Monday, October 26, 2009

Maturing of Indian organised retail

Check this article from Business World, its about Spencer's retail and their efforts to survive (and then probably thrive). The article has impressive numbers and graphs about Indian retail scenario.

The most important point for me is that Spencer's will be shutting down three formats and focus on hypermarket and supermarket. I believe this is a very very smart move. The so called organised players of Indian retail have chosen to dabble in all formats simultaneously. Every format served a different customer but they were served by the same supply chain. This was a sure way to ensure dissatisfied customers and high operating costs.

A small store like Spencer's Express or Spinach needs frequent deliveries and in small quantities. Every delivery assortment would have different types of items. However, A large format Big Bazaar could easily store and accept deliveries of full truck loads. Every aspect of inventory planning and distribution would be different. We cannot expect the same supply chain to serve both needs.

It is good to see that Spencer's has seen the light. Am sure with the realisation that the fabled growth of Indian (so called) organised retail not happening, others have no option but to join in.

Wednesday, October 21, 2009

Promotions and change of jobs

Two incidents -

In a faculty meeting at NMIMS we were waiting for the tea to be served. The person manning the tea arrangements outside refused to serve us as he was the 'supervisor' and person supposed to serve tea had gone down.

At a Pizza Hut outlet at Borivali, peak time, the staff were trying to clear and re arrange tables as fast as they could. There was a rush of customers waiting outside. As soon as the table next to us became empty, the supervisor started collecting the tissues strewn on the table. Till the waiter arrived a lot of the table was clean. Both of them together cleared and cleaned the table.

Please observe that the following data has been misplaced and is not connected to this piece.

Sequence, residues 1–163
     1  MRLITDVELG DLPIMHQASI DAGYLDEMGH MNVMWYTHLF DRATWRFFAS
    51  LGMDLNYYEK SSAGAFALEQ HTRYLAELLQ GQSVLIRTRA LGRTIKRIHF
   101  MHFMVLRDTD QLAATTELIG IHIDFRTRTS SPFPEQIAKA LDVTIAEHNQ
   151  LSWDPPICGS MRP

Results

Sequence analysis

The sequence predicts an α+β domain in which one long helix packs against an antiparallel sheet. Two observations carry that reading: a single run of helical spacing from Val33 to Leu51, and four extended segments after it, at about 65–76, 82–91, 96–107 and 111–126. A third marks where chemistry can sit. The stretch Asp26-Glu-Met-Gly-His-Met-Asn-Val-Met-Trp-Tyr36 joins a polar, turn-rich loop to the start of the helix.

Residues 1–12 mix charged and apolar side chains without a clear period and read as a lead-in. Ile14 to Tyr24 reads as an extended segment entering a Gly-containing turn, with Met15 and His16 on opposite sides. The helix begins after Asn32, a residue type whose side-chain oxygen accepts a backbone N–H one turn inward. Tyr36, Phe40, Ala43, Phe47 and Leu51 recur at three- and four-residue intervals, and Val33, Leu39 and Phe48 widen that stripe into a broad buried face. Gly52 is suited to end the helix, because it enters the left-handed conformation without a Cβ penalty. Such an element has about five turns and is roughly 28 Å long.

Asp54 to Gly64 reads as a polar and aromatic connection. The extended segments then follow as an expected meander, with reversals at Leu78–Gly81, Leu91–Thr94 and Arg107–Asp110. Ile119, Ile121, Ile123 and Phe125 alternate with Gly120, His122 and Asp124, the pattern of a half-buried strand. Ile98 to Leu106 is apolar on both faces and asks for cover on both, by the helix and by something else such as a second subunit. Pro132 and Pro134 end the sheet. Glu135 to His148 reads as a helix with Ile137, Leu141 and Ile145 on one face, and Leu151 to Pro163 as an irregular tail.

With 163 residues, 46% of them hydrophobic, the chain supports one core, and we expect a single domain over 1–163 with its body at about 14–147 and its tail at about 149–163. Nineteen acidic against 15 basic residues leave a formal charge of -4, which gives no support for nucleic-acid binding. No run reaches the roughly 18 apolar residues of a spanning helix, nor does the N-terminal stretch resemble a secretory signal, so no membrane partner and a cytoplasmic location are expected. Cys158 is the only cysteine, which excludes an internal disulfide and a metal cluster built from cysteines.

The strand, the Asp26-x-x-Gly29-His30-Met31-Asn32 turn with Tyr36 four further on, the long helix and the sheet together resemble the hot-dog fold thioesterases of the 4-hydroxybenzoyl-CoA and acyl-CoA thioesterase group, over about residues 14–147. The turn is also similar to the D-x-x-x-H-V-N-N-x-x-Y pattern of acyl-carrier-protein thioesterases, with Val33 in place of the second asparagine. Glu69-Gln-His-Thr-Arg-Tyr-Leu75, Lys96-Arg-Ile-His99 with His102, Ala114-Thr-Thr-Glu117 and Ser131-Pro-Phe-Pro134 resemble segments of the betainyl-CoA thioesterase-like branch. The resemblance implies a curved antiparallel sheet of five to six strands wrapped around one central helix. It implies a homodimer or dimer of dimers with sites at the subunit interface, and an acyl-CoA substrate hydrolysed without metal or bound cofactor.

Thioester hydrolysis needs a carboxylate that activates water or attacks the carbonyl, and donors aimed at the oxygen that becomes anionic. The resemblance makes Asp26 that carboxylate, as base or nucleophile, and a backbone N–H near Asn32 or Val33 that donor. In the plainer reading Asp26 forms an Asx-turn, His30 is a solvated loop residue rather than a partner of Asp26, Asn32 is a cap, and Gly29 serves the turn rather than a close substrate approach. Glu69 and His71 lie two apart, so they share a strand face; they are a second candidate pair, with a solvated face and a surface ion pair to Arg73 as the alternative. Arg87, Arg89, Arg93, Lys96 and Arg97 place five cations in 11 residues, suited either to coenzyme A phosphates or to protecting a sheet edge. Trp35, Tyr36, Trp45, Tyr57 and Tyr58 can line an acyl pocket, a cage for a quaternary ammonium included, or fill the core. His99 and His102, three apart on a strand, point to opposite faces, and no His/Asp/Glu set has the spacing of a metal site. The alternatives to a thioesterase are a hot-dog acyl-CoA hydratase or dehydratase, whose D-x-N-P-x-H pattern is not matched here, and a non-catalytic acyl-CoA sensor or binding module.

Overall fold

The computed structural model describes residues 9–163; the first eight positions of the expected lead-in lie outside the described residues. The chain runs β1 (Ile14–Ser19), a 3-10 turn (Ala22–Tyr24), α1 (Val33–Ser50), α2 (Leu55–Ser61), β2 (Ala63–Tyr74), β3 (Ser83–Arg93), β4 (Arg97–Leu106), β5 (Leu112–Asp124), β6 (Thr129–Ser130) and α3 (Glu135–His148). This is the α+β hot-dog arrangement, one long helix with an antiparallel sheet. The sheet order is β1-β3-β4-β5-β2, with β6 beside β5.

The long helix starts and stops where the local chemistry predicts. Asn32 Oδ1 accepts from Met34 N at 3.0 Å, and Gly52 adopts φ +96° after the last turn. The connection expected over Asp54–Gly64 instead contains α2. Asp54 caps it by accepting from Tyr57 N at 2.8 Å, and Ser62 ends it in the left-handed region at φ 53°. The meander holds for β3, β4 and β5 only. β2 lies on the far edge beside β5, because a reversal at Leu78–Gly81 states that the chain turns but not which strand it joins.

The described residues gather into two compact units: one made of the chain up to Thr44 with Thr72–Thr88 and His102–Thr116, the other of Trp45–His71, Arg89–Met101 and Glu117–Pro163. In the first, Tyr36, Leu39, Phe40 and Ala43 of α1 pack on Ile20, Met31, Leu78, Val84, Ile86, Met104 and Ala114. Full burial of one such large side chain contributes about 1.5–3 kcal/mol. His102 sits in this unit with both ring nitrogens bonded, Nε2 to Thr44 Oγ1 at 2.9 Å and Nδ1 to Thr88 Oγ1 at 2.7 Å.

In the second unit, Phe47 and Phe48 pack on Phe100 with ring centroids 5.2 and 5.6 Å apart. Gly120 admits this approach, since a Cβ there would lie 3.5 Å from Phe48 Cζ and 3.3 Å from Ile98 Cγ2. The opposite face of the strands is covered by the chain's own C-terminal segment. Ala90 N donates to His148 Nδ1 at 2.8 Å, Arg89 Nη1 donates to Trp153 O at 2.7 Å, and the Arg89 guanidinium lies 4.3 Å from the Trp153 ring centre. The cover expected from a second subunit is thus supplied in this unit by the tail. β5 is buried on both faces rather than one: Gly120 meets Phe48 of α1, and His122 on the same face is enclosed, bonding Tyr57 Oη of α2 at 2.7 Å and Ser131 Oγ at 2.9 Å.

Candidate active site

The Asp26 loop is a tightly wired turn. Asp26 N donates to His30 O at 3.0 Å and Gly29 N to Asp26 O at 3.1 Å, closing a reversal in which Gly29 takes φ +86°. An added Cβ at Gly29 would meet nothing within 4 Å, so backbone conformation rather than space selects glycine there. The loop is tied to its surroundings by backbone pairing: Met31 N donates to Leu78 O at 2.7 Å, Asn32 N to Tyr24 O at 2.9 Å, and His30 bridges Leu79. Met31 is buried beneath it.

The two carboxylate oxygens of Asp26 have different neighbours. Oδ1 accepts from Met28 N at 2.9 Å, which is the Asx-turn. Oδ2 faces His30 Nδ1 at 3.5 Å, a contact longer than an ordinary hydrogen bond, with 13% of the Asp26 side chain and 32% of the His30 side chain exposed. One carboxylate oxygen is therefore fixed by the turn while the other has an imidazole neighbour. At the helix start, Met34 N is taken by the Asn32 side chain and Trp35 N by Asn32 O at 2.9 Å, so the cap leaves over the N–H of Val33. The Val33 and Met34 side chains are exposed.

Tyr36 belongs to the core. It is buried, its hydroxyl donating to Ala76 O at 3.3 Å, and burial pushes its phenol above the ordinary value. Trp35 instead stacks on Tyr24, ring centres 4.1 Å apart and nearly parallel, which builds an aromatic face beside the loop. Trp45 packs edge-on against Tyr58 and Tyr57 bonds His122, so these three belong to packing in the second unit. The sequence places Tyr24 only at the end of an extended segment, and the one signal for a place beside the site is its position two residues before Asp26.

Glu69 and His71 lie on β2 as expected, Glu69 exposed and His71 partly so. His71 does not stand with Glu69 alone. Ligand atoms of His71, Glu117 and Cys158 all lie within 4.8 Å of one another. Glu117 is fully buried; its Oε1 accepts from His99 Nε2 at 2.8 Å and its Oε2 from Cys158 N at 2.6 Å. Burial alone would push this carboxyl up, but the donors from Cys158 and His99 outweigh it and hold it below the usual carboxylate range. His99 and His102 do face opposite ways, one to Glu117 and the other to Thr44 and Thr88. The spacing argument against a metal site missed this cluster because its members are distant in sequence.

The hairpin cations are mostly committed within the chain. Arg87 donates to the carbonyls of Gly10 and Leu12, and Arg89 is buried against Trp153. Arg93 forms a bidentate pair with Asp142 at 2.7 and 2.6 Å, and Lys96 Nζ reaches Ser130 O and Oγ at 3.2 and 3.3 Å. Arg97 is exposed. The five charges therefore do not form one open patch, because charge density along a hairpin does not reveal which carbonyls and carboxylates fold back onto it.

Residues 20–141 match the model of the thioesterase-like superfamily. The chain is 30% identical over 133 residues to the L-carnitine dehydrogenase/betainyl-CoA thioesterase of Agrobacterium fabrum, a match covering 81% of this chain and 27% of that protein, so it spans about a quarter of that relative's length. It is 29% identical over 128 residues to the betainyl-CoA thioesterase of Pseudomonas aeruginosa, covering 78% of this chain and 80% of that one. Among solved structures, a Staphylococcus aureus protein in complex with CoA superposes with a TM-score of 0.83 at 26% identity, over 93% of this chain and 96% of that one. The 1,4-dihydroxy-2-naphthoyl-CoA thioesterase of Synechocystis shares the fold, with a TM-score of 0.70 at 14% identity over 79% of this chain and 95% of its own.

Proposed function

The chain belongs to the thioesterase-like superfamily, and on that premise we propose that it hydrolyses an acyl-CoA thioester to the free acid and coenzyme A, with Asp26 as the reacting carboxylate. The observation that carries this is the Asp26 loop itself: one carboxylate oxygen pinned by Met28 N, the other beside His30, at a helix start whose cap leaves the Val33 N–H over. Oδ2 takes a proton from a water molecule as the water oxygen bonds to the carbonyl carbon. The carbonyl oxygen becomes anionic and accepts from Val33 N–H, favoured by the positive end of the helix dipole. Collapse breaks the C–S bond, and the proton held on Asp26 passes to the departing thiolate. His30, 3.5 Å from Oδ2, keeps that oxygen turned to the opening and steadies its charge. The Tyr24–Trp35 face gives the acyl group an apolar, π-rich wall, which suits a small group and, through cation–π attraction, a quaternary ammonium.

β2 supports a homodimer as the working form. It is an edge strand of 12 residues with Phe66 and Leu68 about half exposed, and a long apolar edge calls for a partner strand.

I am sure all of us can take our own lessons. Job roles in processes are sometimes defined very narrowly. The definitions are also internally oriented and have nothing to do with the customer. Internally oriented job roles may lead to some hypothetical efficiency calculation, but they may be detrimental to customer service.

I am not looking at criticizing individuals. Of course a point could also be made that the faculty could have taken tea on their own. An employee behaves in a manner that is defined in his job role. In an era of less competition job roles and processes defined to create high efficiencies were okay, but in the current competitive scenario they are a sure way to ruin.

Monday, October 19, 2009

Clean technologies - CSR or business?

I was invited to take a session at an small MBA institute in Gujarat. I had given then a few pages of reading material. I saw that the institute had edited the layout of my material so that it fit in only four pages and printed it on both sides of the paper. I began my session by appreciating the editing that saved lot of paper, an environmentally conscious action. A student stood up to reply that she was responsible for this and her prime motivation was to save money. Printing on both sides was obviously cheaper than two sheets with one side printed.

This incident reemphasized my concern that we had a wrong approach to clean technologies and sustainable environment based practices. Many companies had a special department that looked at these initiatives and these were paraded to the world as CSR (Corporate Social responsibility) initiatives. Firms used such actions to occupy high moral ground among consumers and the society.

A better way to look at these initiatives would be to assess them as normal business projects. They would have an investment and a straight monetary return. This would be the only way to ensure that the projects are taken up willingly by many companies. Businesses should be convinced that clean technologies save money and that they save the environment is a by product.